Most People Use Marijuana For Pain Management And Prefer ‘Fruity’ Strains, Poll Finds

One in four marijuana consumers use the plant for pain management, and most say they prefer “fruity” tasting strains that they indulge in “anytime,” rather than a set time of day, according to a new poll.

The survey from the cannabis company NuggMD asked more than 6,500 marijuana consumers about their preferences and habits around use intentions, flavor profiles, desired effects and time of consumption.

Asked about the “main goal” of consuming marijuana, 25 percent of respondents said they used it for pain management, followed by anxiety (23 percent), stress (18 percent), recreation (13 percent), depression (12 percent) and insomnia (seven percent).

About half of respondents (48 percent) said they use cannabis “anytime,” while 29 percent said they use it in the evening and 11 percent said they consume at bedtime. Another five percent said they indulge in the afternoon, and four percent said they used in the morning.

The survey also inquired about the types of flavors and aromas cannabis consumers prefer, and a plurality (27 percent) said they liked “fruity” varieties. That was followed by “sweet” (19 percent), “earthy” (18 percent), “citrus” (18 percent), “diesel” (10 percent), “vanilla” (six percent) and “spicy” (two percent).

Finally, respondents were asked about the effects of cannabis they look for in a given variety. Most said they want to feel “relaxed” (30 percent) and “euphoric” (24 percent). Fifteen percent said they seek an “energetic” effect, and 13 percent want to feel “uplifted.” Another 10 percent said they prefer a “creative” effect, and just eight percent said they want to feel “sleepy.”

“The data suggests that many millions of U.S. adults are using cannabis for health and wellness reasons, even when they do not have a medical cannabis recommendation,” Deb Tharp, head of legal and policy research at NuggMD, told Marijuana Moment.

In line with the those results, a recent study published in the Journal of the American Medical Association (JAMA) found that “while most patients (76.1 percent) reported using cannabis to manage a health symptom, very few patients identified as medical cannabis users.”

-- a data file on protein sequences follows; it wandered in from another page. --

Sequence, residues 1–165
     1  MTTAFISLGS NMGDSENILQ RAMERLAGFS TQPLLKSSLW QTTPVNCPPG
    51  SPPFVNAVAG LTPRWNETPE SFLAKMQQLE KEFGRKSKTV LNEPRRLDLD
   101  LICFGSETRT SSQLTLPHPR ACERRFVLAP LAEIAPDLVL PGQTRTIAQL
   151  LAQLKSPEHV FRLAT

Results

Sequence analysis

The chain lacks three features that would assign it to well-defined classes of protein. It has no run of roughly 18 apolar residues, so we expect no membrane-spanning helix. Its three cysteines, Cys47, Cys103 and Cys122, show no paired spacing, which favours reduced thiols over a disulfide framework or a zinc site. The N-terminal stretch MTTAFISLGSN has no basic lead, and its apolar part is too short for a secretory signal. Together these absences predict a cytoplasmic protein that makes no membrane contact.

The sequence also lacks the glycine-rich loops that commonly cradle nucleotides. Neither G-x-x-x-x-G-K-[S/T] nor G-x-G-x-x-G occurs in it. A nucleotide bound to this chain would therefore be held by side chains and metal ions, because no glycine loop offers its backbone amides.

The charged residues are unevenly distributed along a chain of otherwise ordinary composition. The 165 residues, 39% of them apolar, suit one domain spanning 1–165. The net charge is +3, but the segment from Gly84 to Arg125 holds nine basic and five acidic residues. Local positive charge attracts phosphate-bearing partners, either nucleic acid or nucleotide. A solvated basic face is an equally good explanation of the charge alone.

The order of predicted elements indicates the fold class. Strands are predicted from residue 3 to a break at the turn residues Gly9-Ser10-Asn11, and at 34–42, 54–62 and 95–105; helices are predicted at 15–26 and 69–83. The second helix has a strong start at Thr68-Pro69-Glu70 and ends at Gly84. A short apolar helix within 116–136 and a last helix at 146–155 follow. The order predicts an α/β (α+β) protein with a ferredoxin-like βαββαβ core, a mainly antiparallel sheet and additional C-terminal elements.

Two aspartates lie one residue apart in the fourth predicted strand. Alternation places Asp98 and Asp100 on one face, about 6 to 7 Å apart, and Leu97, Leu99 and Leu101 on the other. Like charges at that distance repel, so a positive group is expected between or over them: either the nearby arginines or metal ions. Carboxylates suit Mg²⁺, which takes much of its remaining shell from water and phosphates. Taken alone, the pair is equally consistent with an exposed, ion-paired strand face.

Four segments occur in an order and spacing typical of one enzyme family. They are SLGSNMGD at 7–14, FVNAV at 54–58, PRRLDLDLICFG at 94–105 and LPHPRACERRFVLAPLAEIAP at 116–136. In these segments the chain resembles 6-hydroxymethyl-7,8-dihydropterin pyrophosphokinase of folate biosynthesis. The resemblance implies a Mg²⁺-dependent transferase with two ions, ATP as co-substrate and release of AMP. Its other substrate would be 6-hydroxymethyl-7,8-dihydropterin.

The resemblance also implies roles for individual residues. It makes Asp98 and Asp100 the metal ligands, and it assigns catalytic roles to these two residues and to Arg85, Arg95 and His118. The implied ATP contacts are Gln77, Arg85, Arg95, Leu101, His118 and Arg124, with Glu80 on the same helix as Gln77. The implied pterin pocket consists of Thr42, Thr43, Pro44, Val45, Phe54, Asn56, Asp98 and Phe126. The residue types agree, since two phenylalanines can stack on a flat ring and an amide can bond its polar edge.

Tharp of NuggMD said that “cannabis retail is new in most places and there’s still a lot of consumer education that needs to be done in the space.”

“Eventually, cannabis marketing will be more robust and nuanced, similar to how coffee is positioned around its country of origin or a whiskey around its mash bill,” she said. “For now, I think polling is a better assessment of what customers prefer than data on inventory and sales. Our insight should be useful to both cannabis retailers and suppliers.”

The poll, which was conducted last month, involved interviews with 6,550 cannabis consumers. NuggMD commissioned the survey but says none of its customers directly participated in it.

NuggMD is behind a number of recent polling initiatives focused on cannabis consumer and policy issues.

For example, the cannabis company released another survey in April that found a majority of likely U.S. voters who identify as regular marijuana consumers believes Democrats have “better ideas” for cannabis policy. And most would also be more likely to support political candidates if they endorse legalization, regardless of party.

It also published a survey in January that found about one-third of marijuana consumers say they would go back to the illicit market if cannabis is rescheduled and only made legally available as a Food and Drug Administration- (FDA) approved prescription drug.

A separate survey from YouGov that was released last month found that a majority of Americans have tried marijuana—and most say they had a positive experience.

Meanwhile, a recent report from an equity-focused marijuana advocacy organization finds that nearly two-thirds of American adults want legalization laws to prioritize social equity (68 percent), end cannabis arrests (68 percent) and ensure that people have legal access to marijuana products (65 percent).

College Enrollment Increases In States That Legalize Marijuana Without Hurting Graduation Rates, Study Finds

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